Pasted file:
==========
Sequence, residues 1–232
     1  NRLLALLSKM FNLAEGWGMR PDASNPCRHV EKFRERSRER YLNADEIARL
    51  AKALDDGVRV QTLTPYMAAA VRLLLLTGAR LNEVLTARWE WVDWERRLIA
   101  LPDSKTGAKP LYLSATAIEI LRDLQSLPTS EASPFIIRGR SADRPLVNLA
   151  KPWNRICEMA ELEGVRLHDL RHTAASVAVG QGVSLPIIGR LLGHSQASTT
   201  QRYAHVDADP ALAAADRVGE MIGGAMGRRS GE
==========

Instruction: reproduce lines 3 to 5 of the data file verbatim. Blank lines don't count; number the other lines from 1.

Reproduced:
    51  AKALDDGVRV QTLTPYMAAA VRLLLLTGAR LNEVLTARWE WVDWERRLIA
   101  LPDSKTGAKP LYLSATAIEI LRDLQSLPTS EASPFIIRGR SADRPLVNLA
   151  KPWNRICEMA ELEGVRLHDL RHTAASVAVG QGVSLPIIGR LLGHSQASTT